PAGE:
Are you doing all you can to further your career as a software developer? With today's rapidly changing and ever-expanding technologies, being successful requires more than technical expertise. To grow professionally, you also need soft skills and effective learning techniques. Honing those skills is what this book is all about. Authors Dave Hoover and Adewale Oshineye have cataloged dozens of behavior patterns to help you perfect essential aspects of your craft.
Compiled from years of research, many interviews, and feedback from O'Reilly's online forum, these patterns address difficult situations that programmers, administrators, and DBAs face every day. And it's not just about financial success. Apprenticeship Patterns also approaches software development as a means to personal fulfillment. Discover how this book can help you make the best of both your life and your career.
Solutions to some common obstacles that this book explores in-depth include:
Burned out at work? "Nurture Your Passion" by finding a pet project to rediscover the joy of problem solving.
Feeling overwhelmed by new information? Re-explore familiar territory by building something you've built before, then use "Retreat into Competence" to move forward again.
Stuck in your learning? Seek a team of experienced and talented developers with whom you can "Be the Worst" for a while.
"Brilliant stuff! Reading this book was like being in a time machine that pulled me back to those key learning moments in my career as a professional software developer and, instead of having to learn best practices the hard way, I had a guru sitting on my shoulder guiding me every step towards master craftsmanship. I'll certainly be recommending this book to clients. I wish I had this book 14 years ago!"-Russ Miles, CEO, OpenCredo
Chapter 1 Introduction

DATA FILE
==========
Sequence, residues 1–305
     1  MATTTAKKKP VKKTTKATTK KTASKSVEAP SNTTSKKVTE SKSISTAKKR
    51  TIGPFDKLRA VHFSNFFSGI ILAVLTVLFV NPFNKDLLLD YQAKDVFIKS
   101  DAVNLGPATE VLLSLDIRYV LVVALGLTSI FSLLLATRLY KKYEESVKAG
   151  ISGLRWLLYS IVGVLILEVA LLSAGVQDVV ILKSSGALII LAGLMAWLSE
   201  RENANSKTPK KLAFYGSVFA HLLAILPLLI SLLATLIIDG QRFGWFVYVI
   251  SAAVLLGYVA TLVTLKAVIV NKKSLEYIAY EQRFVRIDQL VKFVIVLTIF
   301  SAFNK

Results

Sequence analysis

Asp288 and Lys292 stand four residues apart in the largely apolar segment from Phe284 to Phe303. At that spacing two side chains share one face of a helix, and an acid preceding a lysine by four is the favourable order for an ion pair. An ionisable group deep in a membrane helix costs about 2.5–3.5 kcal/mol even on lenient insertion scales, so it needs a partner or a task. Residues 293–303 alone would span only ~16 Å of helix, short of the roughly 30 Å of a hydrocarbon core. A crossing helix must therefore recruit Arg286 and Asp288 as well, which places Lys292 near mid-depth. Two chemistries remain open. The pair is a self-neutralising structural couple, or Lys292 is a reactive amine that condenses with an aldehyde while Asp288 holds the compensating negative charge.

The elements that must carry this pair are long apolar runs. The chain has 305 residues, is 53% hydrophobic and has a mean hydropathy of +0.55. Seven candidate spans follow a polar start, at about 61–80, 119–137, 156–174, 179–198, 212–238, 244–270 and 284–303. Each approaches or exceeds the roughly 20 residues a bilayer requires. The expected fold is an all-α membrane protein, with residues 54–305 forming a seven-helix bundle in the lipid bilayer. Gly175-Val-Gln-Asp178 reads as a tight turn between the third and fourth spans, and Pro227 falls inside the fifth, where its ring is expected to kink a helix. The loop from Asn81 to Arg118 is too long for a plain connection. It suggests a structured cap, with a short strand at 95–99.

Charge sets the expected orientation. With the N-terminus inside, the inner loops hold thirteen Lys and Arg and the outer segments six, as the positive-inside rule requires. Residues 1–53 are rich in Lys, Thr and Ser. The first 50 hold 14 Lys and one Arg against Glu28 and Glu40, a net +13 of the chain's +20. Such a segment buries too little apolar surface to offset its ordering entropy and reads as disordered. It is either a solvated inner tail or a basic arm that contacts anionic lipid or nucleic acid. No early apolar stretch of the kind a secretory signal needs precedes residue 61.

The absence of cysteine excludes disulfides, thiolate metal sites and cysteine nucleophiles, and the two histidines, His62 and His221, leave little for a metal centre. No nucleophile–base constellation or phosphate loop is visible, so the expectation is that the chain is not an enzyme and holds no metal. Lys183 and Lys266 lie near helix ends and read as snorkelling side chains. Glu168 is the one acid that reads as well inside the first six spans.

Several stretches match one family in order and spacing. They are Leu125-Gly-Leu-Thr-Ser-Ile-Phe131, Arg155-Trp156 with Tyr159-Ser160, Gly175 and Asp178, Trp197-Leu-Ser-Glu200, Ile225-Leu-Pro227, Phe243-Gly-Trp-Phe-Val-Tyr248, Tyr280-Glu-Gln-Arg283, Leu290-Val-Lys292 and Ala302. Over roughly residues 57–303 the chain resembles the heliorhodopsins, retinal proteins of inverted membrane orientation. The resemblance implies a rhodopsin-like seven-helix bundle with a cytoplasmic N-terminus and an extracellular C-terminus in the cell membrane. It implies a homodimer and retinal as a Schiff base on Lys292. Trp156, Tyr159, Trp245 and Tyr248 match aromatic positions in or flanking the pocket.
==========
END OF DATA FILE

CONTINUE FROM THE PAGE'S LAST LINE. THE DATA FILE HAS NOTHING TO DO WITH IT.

What Is Software Craftsmanship?
What Is Apprenticeship?
What Is an Apprenticeship Pattern?
Where Did the Patterns Come From?
Where Do We Go from Here?
Chapter 2 Emptying the Cup
Your First Language
The White Belt
Unleash Your Enthusiasm
Expose Your Ignorance
Confront Your Ignorance
The Deep End
Retreat into Competence
Chapter 3 Walking the Long Road
The Long Road
Craft over Art
Nurture Your Passion
Draw Your Own Map
Use Your Title
Stay in the Trenches
A Different Road
Chapter 4 Accurate Self-Assessment
Be the Worst
Sweep the Floor
Chapter 5 Perpetual Learning
Expand Your Bandwidth
Practice, Practice, Practice
Use the Source
Reflect As You Work
Record What You Learn
Share What You Learn
Create Feedback Loops
Learn How You Fail
Chapter 6 Construct Your Curriculum
Study the Classics
Chapter 7 Conclusion
Appendix Pattern List
Appendix A Call for Apprenticeship
Appendix A Retrospective on the First Year of Obtiva’s Apprenticeship Program
Dave Hoover is the Chief Craftsman at Obtiva where he helps lead Obtiva's Software Studio and apprenticeship program. Dave has been developing software since 2000, when he left a career in child and family therapy. In 2002, Dave read Pete McBreen's "Software Craftsmanship", which re-framed Dave's understanding of software development and how people become great software developers. Dave has become increasingly passionate about learning and has dedicated several years of his career to thinking, writing, and speaking about apprenticeship. Over the last couple years, on most days, you'd find Dave coding Ruby and Rails as the lead developer for Mad Mimi, one of his clients at Obtiva. Dave also enjoys all sorts of endurance sports.
Adewale Oshineye is an engineer at a little-known search engine named Google. This is a consequence of many deeply geeky evenings spent programming 8-bit computers when he was a child. When he grew up Adewale somehow fell into IT consultancy. His career at consultancies such as Thoughtworks gave him the chance to work on projects ranging from point-of-sale systems for electrical retailers to trading systems for investment banks. It also gave him a chance to learn from some of the most interesting software craftspeople in Western Europe. In those rare moments when he's not in front of a computer he can be found behind a digital camera somewhere in London.
Some titles are best as print books; this is one of them. It's worth having at hand on vacation, at home. Apprenticeship Patterns gives those of us in software engineering the opportunity systematically to consider the career paths available to engineers.
It covers how our professional community works, the value of craft in software engineering, and provides specific tactics for becoming a better and more valuable practitioner.
Bottom Line Yes, I would recommend this to a friend